Javier Ybarra Bergé

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Javier de Ybarra y Bergé (July 2, 1913 - June 22, 1977) was a Basque industrialist, writer, and politician from Bilbao.

Born into a prominent Bilbao family, Javier Ybarra attended the University of Deusto. During the Spanish Second Republic he was affiliated with the Partido Nacionalista Español and then the monarchist Renovación Española party. He fought and was injured in the Civil War. From 1963 to 1969 he served as mayor of Bilbao.

He wrote works related to his experience during the Civil War, history, and politics. He also served as an executive with firms including Babcock & Wilcox, several banks, and the newspaper El Correo.

On May 20, 1977, Javier Ybarra was kidnapped by renegade members of the Basque separatist group ETA, who entered his home in disguise, bound and gagged members of his family, and took him away in an ambulance. Demanding the release of a number of Basque prisoners (a condition largely met by the Spanish government), his captors later demanded a ransom of one billion pesetas and further prisoner releases. The situation had been complicated by the fact that the group that had kidnapped Ybarra formally renounced their affiliation with the larger ETA organization while holding him and were further disturbed when their leader was arrested in France. The Ybarra family attempted to negotiate with the kidnappers and push back the deadline for payment. The kidnappers failed to respond and on June 20 they announced they had killed Ybarra and sent a map supposedly showing the location of the body. When the Guardia Civil failed to find it, another communication was sent and the body of Javier Ybarra was found near a farmhouse in Navarra. He had been shot in the head and wrapped in a plastic sheet.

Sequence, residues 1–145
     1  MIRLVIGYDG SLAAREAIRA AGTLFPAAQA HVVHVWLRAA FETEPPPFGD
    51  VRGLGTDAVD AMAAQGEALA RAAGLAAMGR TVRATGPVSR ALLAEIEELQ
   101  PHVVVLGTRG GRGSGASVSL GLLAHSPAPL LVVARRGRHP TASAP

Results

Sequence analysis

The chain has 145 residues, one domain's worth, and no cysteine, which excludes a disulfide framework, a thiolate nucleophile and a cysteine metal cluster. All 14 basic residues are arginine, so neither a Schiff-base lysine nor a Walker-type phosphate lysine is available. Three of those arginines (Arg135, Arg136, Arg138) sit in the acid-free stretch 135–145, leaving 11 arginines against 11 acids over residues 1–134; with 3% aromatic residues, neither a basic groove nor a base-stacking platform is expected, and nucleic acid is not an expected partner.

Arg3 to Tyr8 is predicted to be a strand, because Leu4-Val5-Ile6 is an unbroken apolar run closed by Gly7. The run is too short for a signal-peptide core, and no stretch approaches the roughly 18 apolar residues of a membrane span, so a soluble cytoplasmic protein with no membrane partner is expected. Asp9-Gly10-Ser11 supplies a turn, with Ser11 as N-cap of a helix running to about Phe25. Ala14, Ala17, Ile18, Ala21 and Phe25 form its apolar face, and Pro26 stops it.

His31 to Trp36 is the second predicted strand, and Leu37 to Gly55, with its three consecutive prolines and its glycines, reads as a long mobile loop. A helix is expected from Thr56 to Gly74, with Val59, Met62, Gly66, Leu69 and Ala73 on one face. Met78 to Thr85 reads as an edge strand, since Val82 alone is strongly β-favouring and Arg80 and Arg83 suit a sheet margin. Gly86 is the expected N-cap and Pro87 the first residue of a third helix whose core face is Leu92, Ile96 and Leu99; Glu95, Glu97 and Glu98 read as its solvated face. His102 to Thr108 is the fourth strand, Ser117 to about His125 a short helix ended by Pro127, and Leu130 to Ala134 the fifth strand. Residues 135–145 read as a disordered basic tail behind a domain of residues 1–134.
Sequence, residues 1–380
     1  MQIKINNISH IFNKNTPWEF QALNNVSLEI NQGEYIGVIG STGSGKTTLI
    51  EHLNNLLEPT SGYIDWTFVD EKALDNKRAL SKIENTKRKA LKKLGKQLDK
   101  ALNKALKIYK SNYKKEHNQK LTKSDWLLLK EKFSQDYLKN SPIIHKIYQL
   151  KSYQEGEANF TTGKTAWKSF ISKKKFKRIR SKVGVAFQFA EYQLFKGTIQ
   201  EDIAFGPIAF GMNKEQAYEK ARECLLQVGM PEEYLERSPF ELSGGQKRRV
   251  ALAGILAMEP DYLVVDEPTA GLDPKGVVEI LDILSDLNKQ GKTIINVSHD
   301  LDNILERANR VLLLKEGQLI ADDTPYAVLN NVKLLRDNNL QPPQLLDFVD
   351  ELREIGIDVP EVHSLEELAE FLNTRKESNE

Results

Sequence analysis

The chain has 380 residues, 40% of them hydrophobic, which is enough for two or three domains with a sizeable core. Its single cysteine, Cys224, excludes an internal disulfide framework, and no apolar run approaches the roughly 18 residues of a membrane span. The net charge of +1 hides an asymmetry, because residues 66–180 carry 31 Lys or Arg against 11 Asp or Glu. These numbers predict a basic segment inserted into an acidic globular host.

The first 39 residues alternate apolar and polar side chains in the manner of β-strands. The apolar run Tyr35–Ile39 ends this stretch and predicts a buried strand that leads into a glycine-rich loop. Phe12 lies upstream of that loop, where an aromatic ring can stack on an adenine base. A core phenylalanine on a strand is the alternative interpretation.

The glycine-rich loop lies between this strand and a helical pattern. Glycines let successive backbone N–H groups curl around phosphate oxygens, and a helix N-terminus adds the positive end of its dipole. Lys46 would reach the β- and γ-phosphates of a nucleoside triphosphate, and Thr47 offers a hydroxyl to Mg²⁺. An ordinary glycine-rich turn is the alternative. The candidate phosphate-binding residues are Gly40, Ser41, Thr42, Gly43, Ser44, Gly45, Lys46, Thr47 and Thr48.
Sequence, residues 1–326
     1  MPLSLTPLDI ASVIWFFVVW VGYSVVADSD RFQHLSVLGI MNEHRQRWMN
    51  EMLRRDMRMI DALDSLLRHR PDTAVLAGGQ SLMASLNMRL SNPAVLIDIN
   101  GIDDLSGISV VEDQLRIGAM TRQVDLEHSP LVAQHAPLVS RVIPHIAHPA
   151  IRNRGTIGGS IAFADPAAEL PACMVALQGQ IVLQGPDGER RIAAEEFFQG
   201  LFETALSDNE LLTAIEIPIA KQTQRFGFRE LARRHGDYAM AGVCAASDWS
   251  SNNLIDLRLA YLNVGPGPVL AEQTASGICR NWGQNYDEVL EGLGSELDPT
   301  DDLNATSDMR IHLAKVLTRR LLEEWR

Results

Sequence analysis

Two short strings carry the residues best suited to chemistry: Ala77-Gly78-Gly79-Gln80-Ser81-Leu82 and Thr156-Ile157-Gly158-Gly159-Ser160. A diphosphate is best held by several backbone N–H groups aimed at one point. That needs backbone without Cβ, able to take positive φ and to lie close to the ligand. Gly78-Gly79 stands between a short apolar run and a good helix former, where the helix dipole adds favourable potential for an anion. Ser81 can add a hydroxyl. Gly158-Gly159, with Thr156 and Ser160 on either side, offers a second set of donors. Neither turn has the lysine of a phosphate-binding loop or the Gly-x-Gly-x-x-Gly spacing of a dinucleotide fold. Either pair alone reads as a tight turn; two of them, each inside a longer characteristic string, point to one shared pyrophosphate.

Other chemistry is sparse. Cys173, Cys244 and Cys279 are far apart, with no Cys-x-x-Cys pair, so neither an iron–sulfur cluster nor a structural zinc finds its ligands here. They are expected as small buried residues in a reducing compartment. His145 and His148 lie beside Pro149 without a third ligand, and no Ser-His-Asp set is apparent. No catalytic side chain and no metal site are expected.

Occurring in the immediate aftermath of Spain's first free national elections in forty years, the Ybarra killing provoked widespread condemnation.[1] Following the discovery of the body, the Madrid daily newspaper ABC lead with a full page photo of Ybarra and a statement that "all parties" condemned the "atrocious murder".[2]

Selected Works by Ybarra[edit]

  • Mi diario de la Guerra de España 1936-1939. (1941)
  • De California a Alaska. Historia de Descubrimiento. (1945)
  • Politica Nacional en Vizcaya. De la Restauracion a la Republica. (1947)


  1. ^ Clark, R.P. The Basque Insurgents: ETA, 1952-1980. Madison: University of Wisconsin, 1984. 100-102.
  2. ^ ABC Madrid, June 23, 1977